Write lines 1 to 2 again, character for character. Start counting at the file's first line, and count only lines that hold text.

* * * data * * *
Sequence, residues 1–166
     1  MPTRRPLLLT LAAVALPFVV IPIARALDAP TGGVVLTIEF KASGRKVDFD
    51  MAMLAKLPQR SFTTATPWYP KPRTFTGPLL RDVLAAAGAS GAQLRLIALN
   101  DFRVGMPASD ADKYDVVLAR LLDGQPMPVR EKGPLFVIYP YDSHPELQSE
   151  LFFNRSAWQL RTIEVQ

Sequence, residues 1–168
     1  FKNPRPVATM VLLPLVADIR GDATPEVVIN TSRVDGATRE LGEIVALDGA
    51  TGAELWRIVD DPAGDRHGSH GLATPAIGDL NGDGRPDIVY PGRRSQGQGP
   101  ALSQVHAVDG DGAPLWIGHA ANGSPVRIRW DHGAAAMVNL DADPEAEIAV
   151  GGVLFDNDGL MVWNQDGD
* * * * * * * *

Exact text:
Sequence, residues 1–166
     1  MPTRRPLLLT LAAVALPFVV IPIARALDAP TGGVVLTIEF KASGRKVDFD